Astronomers are puzzled by enormous cloud-like plumes that ascended high up into the Martian atmosphere. They’re larger than anything previously observed on Mars, and according to work published in Nature this week, the plumes seem to defy our current understanding of atmospheric physics on the red planet.
The two mysterious clouds were detected in March and April of 2012 by amateur astronomers, who reported protrusions above the southern hemisphere of Mars. The first arose within just 10 hours, changing shapes as it ascended up 200-250 kilometers (124-155 miles) to where the atmosphere is very thin. It lasted for 11 days and eventually grew to around 1,000 kilometers across (621 miles). "I was really quite amazed that it was sticking out the side of the planet quite prominently," Damian Peach of Selsey, U.K., tells New Scientist. Peach was one of the first to spot the cloud-like blob. Within a couple of weeks, another plume popped up, also lasting longer than a week.
The simplest explanation, Nature reports, is that dust storms whirling across Mars kicked up dust. However, not only has dust not been seen at altitudes higher than 50 kilometers (31 miles), unusual weather conditions would be required to convey the dust up so high. “At about 250 kilometers (155 miles), the division between the atmosphere and outer space is very thin, so the reported plumes are extremely unexpected,” Agustin Sánchez-Lavega from Universidad del País Vasco explains in an ESA news release.
To see what might have created the unusually large, high-altitude plumes, Sánchez-Lavega and a large international team collected pictures taken by over a dozen amateur observers from 2001 to 2014, and they searched through the archive of images captured from the Hubble Space Telescope between 1995 and 1999. They explored two explanations: that the plumes formed from frozen particles of water or carbon dioxide, or that they’re the result of auroral activity. (Like the northern lights on Earth, a Martian aurora results from charged particles from the sun interacting with our magnetic field.)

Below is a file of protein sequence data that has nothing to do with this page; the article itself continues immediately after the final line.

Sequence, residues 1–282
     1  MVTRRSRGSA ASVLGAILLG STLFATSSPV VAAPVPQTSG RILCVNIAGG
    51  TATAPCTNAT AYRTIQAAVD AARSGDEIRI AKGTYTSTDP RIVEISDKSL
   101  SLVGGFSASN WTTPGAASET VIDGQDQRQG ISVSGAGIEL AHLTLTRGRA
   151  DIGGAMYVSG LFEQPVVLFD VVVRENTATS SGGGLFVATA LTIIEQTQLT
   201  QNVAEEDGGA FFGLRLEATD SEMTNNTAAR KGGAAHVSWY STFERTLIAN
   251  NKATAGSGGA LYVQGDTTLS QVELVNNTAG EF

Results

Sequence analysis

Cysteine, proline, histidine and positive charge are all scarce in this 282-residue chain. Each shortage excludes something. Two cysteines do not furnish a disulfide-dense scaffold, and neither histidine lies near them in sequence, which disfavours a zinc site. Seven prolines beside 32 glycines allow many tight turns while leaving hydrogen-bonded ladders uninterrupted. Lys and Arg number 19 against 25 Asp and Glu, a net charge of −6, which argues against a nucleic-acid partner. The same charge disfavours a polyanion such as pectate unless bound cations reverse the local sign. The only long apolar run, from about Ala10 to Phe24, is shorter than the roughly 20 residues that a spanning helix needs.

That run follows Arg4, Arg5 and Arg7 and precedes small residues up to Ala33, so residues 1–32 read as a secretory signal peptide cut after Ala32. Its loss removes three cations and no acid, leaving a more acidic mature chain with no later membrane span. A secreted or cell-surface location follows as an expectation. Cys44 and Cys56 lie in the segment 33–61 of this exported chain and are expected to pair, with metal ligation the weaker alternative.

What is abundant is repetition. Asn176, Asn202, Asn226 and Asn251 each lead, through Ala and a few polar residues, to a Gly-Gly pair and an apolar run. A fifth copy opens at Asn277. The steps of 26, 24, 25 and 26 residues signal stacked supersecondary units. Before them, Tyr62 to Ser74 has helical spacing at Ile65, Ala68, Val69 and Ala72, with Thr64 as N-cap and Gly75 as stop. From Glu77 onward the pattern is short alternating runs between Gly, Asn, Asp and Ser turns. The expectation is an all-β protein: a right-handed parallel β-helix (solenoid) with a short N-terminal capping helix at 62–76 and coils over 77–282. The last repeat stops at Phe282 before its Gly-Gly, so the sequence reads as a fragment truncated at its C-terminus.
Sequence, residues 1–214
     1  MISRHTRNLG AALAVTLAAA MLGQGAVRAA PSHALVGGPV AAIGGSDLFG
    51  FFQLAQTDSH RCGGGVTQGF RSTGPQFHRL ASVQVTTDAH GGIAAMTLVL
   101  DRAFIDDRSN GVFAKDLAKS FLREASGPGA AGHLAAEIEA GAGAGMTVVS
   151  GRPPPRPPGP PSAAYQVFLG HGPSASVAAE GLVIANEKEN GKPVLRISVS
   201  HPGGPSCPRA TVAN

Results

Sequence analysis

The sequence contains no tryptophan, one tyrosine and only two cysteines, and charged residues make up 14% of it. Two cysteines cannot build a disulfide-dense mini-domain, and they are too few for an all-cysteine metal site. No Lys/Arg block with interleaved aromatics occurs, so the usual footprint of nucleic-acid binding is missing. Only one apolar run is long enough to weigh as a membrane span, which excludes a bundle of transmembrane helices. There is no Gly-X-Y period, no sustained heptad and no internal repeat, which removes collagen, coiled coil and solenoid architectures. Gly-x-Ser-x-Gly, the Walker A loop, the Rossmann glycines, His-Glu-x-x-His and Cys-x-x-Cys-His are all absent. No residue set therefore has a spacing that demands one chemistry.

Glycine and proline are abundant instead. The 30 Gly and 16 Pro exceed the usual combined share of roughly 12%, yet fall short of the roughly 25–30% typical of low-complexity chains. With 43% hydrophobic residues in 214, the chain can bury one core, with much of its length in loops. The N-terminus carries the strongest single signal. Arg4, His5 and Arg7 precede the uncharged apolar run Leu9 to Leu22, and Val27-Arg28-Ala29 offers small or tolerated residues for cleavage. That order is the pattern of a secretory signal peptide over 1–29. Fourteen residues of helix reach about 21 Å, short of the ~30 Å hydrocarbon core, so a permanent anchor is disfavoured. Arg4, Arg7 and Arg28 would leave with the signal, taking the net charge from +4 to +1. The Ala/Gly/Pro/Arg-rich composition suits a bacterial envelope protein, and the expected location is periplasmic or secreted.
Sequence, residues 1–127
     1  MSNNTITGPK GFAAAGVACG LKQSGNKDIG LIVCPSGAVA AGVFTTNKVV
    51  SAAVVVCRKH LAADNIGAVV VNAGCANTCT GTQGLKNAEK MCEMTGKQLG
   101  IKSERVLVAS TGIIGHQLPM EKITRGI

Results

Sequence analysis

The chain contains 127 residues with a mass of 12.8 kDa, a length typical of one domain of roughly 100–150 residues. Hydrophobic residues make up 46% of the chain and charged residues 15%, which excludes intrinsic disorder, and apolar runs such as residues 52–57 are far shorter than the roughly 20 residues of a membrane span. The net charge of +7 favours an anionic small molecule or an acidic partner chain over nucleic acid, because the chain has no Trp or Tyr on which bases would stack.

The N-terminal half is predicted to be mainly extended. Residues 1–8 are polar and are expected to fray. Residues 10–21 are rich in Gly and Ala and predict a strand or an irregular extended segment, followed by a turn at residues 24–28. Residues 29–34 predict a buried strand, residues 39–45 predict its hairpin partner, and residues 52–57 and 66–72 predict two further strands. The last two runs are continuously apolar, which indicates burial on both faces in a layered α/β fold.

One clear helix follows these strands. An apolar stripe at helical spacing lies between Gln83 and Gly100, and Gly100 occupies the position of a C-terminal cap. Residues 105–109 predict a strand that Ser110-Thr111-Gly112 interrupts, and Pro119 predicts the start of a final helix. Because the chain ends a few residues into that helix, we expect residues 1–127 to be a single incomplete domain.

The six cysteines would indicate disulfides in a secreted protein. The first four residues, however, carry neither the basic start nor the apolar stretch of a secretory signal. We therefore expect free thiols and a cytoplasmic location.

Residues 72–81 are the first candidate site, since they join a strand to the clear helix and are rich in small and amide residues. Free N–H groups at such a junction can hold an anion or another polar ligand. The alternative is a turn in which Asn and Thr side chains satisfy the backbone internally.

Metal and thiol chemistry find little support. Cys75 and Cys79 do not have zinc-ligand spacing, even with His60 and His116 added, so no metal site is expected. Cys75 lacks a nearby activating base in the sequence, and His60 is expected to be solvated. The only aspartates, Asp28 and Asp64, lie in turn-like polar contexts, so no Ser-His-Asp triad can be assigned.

Their conclusion: Neither idea is fully consistent with the giant size of the plumes. The existence of frozen particles would require the atmosphere to be much colder than what circulation models have previously predicted for that altitude, Nature reports. And the magnetic field of Mars is too weak and patchy compared to Earth.
Close-up observations from telescopes or spacecrafts in orbit might help, BBC explains, otherwise astronomers may need to just wait for the plumes to reappear before they can solve the mystery of their source. Pictured below, Mars with the plume circled in yellow. To its left are augmented views of the plume as it changed shapes on March 21, 2012. The background image is of a region on Mars called Terra Cimmeria, where the plume formed.
Images: D. Parker/A. Sánchez-Lavega et al., 2015 Nature (top), W. Jaeschke and D. Parker and NOAA/Grupo Ciencias Planetarias (GCP)¬–UPV/EHU (middle)